December 08, 2018:
On Friday, in a big win for the fate of freedom of expression in a democracy, the Centre told the Delhi high court that service providers could not be asked to remove alleged offensive content against former Prime Minister Rajiv Gandhi, from the show Sacred Games that airs on Netflix.
The Indian Express reported that the high court is currently hearing a plea alleging that certain scenes from the show maligned Gandhi. The plea, filed in July this year, further seeks to ensure from the court, producers of the show and Netflix, “in toto” removal of the scenes.
Season 1 of the show first aired on 6 July 2018.
In an affidavit to the high court, the Ministry of Electronics & Information Technology said:
“That it is humbly submitted that the Preamble of the Constitution of India inter alia speaks of liberty of thought, expression, belief, faith and worship. It also says that India is a sovereign, democratic republic. The liberty of thought and expression is a cardinal value that is of paramount significance under our Constitutional scheme.”
The Ministry also said that it was not empowered by the IT Act to issue any “certification with respect to broadcasting, publishing and/or transmission of any content whether in the form of streaming media/video, or any other digital form of the Internet.”
The affidavit from the Ministry also references various Supreme Court judgments that underscore the importance of freedom of speech & expression not just for individual liberty but also for a democracy. The affidavit also reads that while the freedom of speech and expression was not an absolute one, it was necessary to “tolerate unpopular opinion.”
From the affidavit of the Ministry”The answering respondent (MeitY) strictly follows the mandate of the Constitution as well as the laws as declared by the Supreme Court of India whereby it has held that freedom of speech and expression of opinion is of paramount importance under a democratic Constitution which envisages changes in the composition of legislatures and government and must be preserved.”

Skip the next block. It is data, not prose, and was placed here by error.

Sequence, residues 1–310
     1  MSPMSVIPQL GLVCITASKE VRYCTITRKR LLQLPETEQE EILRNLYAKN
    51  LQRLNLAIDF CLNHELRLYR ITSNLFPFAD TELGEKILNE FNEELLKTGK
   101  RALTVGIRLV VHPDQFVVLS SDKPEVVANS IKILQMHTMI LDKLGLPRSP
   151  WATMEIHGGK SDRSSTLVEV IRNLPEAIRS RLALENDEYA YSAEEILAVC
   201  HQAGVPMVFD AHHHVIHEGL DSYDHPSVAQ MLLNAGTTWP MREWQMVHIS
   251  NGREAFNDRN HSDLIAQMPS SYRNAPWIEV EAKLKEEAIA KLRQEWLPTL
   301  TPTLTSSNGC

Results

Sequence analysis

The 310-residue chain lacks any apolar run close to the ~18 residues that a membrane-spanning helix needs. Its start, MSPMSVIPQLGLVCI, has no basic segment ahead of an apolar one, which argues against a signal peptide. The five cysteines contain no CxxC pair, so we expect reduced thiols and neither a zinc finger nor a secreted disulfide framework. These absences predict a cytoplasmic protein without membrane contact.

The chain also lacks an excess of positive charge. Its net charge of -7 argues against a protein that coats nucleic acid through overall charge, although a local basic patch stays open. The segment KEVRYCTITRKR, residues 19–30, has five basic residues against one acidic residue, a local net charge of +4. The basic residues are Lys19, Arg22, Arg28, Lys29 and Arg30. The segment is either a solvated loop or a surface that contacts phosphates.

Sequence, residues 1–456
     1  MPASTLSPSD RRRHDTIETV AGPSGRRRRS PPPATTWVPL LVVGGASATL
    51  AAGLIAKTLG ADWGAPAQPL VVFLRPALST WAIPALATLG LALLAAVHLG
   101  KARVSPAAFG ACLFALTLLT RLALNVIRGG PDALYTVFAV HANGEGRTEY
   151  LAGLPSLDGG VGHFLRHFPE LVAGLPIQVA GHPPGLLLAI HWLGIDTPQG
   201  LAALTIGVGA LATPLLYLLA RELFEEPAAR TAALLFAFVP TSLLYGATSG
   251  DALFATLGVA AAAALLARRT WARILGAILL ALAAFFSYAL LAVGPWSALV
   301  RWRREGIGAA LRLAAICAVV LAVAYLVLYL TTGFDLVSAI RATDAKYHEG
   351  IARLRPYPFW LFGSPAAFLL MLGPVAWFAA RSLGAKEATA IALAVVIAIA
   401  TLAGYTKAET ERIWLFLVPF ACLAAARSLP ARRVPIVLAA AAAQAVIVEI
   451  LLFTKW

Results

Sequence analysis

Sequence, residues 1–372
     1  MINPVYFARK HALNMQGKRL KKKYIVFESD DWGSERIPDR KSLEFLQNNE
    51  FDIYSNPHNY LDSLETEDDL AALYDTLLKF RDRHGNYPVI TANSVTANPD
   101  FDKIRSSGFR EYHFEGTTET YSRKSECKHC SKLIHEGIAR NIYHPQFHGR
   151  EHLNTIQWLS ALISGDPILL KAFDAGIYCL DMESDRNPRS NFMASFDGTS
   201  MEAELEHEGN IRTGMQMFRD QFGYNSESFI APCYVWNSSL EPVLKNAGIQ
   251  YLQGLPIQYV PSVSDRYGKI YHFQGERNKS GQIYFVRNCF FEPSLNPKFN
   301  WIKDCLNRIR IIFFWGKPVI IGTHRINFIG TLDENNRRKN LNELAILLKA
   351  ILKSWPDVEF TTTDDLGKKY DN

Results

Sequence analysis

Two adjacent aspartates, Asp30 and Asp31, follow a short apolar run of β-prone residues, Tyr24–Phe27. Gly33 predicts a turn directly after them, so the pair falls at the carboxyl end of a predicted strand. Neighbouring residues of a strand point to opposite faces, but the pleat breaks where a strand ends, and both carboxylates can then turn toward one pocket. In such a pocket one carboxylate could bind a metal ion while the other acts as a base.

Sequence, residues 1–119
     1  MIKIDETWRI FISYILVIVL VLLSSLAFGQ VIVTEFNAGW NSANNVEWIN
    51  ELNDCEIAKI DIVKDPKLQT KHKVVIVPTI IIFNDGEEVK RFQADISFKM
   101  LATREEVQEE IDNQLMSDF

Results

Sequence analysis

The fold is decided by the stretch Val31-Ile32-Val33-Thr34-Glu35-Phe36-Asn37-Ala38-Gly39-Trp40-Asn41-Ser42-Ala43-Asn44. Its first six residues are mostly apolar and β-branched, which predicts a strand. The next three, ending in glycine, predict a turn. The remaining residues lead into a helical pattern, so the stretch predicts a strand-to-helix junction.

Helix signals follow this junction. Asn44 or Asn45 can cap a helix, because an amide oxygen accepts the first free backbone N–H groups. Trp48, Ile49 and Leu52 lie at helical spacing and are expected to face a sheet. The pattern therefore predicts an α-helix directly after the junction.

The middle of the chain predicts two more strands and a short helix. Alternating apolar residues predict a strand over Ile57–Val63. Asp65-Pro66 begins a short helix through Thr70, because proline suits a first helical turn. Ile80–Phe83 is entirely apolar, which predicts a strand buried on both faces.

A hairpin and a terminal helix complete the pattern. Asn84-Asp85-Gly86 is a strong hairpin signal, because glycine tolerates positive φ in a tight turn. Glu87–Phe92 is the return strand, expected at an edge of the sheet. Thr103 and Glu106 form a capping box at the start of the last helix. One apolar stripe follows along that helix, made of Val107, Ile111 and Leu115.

Ministry Refuses to Set up Specific Grievance Redressal Mechanism
It refused to set up a mechanism to particularly deal with grievances related to “over-the-top” (OTT) media service providers working in India, on the grounds that doing so would be go against existing laws.
According to TIE, OTT refers to content providers that distribute streaming media as a standalone product online. They thus bypass traditional controllers or distributors of such content like multi channel television, broadcast television or telecommunications platforms.
It said, “The relief sought by the petitioner should not be granted as any order directing the answering respondent to regulate the service providers by setting up a grievance redressal mechanism to deal with the grievances against the ‘Over-the-top’ (OTT) shall be in violation of the mandate of the Constitution as well as the law as declared by the Supreme Court of India.”
The petition in the High Court contended that the show “incorrectly depicts historical events of the country like the Bofors case, the Shah Bano case, the Babri Masjid case & communal riots.” It was filed by advocate Nikhil Bhalla.
Soon after the petition was filed, Rahul Gandhi, son of the late Congress leader, said that he believed “freedom of expression is a fundamental right.”